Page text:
An anti-corruption crusader has said Ghana’s efforts at fighting corruption have been piecemeal, adhoc, unco-ordinated and difficult to monitor.
Mr Charles Ayamdoo, Director of Anti-Corruption Unit of the Commission on Human Rights and Administrative Justice (CHRAJ) , said this at the Third Annual Human Rights Lectures organised in Accra on Monday.
The lectures were jointly organised by CHRAJ and the Commonwealth Human Rights Institute (CHRI) to mark the International Day for Eradication of Poverty and were on the theme: “Advancing Human Rights - Prospects and Challenges.”
Mr Ayamdoo said Ghana’s response to fighting corruption had not been strategic enough and added that weak political will and commitment, low public participation, poor enforcement of rules, weak capacity of civil society and media to address public accountability, politicisation of corruption and weak assets declaration regime were factors militating against a positive outcome.
He expressed the hope that the new National Anti-Corruption Action Plan (NACAP) would address issues including limited awareness of the linkage between human rights and corruption, weak political will, under-resourced anti-corruption agencies and independent governance institutions.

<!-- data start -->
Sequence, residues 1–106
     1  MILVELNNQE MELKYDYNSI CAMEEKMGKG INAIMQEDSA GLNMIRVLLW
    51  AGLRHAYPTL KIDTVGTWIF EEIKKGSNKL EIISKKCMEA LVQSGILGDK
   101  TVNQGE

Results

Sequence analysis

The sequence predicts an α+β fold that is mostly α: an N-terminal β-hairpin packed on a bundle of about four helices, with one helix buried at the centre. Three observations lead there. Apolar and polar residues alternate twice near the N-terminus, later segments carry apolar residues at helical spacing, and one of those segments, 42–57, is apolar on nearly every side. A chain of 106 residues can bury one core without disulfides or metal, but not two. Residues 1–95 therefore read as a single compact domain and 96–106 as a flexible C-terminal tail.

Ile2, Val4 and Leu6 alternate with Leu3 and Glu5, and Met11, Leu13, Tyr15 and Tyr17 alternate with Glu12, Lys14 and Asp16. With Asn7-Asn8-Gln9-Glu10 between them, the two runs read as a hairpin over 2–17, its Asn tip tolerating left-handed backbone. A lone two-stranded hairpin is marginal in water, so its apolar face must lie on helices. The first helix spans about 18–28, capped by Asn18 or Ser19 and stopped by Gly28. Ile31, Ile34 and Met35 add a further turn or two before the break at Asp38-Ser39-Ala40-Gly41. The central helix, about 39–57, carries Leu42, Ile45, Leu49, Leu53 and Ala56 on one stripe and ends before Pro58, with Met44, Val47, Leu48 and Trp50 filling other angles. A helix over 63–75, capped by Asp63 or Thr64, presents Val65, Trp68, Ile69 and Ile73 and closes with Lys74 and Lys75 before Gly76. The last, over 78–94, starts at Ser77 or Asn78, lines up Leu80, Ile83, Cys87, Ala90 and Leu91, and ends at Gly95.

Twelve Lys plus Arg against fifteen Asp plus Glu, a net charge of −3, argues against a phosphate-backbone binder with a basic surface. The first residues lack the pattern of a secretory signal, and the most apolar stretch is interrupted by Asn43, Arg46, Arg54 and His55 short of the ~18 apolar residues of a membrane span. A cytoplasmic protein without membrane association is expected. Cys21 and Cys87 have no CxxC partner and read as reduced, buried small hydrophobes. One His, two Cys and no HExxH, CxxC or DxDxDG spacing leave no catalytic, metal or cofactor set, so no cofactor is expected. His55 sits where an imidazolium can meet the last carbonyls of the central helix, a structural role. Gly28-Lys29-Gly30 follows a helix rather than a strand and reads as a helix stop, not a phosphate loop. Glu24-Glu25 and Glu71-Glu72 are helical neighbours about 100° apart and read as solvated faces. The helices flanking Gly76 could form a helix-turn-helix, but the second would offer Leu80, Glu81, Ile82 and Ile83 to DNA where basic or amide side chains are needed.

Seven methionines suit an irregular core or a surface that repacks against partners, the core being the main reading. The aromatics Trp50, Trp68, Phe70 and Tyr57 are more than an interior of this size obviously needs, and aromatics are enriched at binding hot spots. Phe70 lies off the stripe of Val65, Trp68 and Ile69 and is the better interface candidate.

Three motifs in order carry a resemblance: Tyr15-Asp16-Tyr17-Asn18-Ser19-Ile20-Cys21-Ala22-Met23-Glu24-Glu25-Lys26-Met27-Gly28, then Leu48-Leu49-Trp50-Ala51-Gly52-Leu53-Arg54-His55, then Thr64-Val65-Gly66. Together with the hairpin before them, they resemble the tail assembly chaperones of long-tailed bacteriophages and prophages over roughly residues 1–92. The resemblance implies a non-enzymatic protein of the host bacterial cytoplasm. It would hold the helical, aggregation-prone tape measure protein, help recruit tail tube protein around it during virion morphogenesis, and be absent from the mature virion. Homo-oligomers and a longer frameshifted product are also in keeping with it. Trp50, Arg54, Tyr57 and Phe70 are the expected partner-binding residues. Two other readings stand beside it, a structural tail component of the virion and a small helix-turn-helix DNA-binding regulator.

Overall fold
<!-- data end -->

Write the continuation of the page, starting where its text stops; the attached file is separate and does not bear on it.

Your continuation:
Mr Ayamdoo said, “The vision of NACAP is to create a sustainable democratic society founded on good governance and imbued with high ethics and integrity. It is to contextualise and mobilise efforts and resources of stakeholders, including government, individuals, civil society, private sector and the media to prevent and fight corruption through the promotion of high ethics and integrity and the vigorous enforcement of applicable laws”.
He said CHRAJ would co-ordinate and monitor the implementation of NACAP, adding the Commission would work in close collaboration with the National Development Planning Commission through a monitoring committee to ensure its success.
Mr Ayamdoo said, “I believe NACAP will sustain the pace of progress on condition that successive governments will maintain political will and strengthen democratic governance and rule of law through free, fair and credible elections”.
He called on the public and stakeholders to support the country’s developmental process, adding that the state needed to make substantial investment in implementing action plans towards combating corruption.
Nana Oye Lithur, a Human Right Activist, lawyer and Executive Director of Human Rights Advocacy Centre, described as worrying some development challenges facing the country.
She cited schools under trees, overcrowded classrooms, cultural practices that marginalised women and children, inadequate water and sanitation facilities, sexual harassment, unemployment and injustices as some of the challenges.
Mr Sam Okudzeto, Chairman of CHRI, described corruption as a menace that had infiltrated every strata of human society.
He called on Ghanaians to insist on their human rights adding that successive governments needed to implement programmes and policies to uphold and raise the bar of human rights higher and erase poverty.